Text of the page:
How FTX’s Fallout Highlights the Virtues of Bitcoin: Michael Saylor

How FTX’s Fallout Highlights the Virtues of Bitcoin: Michael Saylor
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How FTX’s Fallout Highlights the Virtues of Bitcoin: Michael Saylor

MicroStrategy’s Executive Chairman Michael Saylor believes FTX’s collapse only reinforces the importance of Bitcoin – his favorite crypto asset. 

The former CEO spoke at length last week about the primary cryptocurrency’s relationship with the rest of the digital asset market. Is the ‘crypto’ industry helpful or harmful in spreading Bitcoin adoption?

Bitcoin’s Unique Attributes

In a Coin Stories podcast episode published on Monday, Saylor said the biggest lesson from FTX’s meltdown was “Bitcoin; not crypto.”

“This week highlights the contrast between the virtues of Bitcoin and the vices of crypto,” he said. “It illustrates the wisdom of Satoshi.”

Satoshi Nakamoto was the pseudonym used by Bitcoin’s anonymous founder. In his whitepaper, he presented Bitcoin as a means of electronic payment that didn’t require centralized banks to operate. This meant that banks would lack the power to seize user funds, censor transactions, or inflate its native currency through money printing. 

By contrast, Saylor described ‘crypto’ as the “reinvention” of the fiat system, but in an unregulated environment. In the case of FTX, the exchange embezzled user deposits while borrowing against a cryptocurrency – FTT – that it issued on its own. 

Worries around the exchange last week incited a bank run on FTX while simultaneously causing FTT to plummet over 90%. On Friday, the firm filed for bankruptcy. 

Given the events, Saylor concluded that people shouldn’t store value in currencies controlled by human beings or counterparties.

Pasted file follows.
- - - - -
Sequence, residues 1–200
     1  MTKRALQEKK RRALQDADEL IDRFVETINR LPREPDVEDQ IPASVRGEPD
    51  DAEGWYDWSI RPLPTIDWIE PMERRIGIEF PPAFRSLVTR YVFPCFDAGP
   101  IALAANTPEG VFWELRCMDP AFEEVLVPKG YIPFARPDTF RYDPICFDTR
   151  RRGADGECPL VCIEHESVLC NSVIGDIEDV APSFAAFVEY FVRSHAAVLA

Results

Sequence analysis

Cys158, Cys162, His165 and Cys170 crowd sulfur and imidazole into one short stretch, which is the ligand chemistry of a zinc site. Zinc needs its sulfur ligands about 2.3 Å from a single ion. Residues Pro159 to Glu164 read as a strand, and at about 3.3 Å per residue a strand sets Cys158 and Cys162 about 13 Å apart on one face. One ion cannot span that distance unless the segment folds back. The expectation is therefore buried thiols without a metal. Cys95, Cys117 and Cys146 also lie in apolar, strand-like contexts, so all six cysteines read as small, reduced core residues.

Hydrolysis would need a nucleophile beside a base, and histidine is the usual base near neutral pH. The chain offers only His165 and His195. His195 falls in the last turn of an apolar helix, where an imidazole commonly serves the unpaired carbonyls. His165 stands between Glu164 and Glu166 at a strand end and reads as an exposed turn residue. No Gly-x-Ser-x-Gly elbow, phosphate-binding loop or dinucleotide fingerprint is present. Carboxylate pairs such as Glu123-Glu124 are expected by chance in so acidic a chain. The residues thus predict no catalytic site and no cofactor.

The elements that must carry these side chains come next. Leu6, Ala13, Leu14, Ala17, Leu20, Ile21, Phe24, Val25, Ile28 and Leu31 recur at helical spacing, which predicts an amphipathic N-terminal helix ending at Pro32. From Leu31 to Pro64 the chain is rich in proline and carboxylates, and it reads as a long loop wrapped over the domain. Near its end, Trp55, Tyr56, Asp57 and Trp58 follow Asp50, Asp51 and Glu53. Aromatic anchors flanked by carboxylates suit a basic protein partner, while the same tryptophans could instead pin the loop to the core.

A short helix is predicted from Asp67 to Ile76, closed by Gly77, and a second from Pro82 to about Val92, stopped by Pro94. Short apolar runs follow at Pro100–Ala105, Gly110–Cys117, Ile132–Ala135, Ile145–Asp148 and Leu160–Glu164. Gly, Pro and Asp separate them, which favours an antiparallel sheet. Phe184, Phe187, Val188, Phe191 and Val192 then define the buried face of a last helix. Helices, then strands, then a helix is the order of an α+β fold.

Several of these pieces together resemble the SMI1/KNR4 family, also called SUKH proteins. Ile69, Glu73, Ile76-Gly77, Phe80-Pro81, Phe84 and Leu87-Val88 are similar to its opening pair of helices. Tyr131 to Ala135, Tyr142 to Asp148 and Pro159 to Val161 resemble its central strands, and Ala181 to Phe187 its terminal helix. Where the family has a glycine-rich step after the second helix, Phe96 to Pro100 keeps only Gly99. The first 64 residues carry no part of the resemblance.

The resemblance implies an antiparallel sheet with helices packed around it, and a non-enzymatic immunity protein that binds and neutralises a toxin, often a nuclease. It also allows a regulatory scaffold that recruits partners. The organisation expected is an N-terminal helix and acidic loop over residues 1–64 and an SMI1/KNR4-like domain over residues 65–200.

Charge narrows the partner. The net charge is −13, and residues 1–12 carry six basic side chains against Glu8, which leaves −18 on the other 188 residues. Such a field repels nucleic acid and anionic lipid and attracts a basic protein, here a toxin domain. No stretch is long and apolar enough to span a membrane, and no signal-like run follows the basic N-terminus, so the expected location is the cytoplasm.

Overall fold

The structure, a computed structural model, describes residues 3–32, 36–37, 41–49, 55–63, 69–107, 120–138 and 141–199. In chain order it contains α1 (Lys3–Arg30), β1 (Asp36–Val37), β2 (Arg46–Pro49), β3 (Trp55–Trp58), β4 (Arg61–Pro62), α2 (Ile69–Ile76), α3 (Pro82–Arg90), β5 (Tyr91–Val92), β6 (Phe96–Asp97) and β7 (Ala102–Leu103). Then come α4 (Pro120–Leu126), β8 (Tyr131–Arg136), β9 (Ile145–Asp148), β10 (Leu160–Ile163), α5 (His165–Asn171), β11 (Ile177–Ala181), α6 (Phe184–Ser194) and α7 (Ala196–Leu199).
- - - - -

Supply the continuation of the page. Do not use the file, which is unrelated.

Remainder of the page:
“Bitcoin is nobody’s liability. There is no counterparty. Anyone that joins the network is their own banker,” explained Saylor.

Michael Saylor: Source: MarketWatch Is Crypto Good for Bitcoin?

While Saylor believes the broader crypto sphere has “good ideas,” he said that they’ve been poorly executed due to being distributed on other blockchains. For example, while stablecoins can help spread dollar access across the world, they have “unfortunately” not gained much traction on Bitcoin-based rails.

Saylor also views decentralized exchanges as potentially useful for theoretically providing a 24/7 stock exchange global stock exchange. Once again, Bitcoin’s base layer is unable to provide such services due to its limited scripting language. 

The chairman also viewed utility in NFTs (non-fungible tokens) – unique blockchain-based assets that are often used to create synthetic collectibles. Saylor said these can help artists monetize their brands. However, most NFTs are issued on Ethereum, Solana, and other chains, which Saylor calls “centralized crypto token networks.”

“People will pursue digital exchanges, digital currency, digital commodities… but in an ethically, technically, economically sound fashion,” he concluded. 

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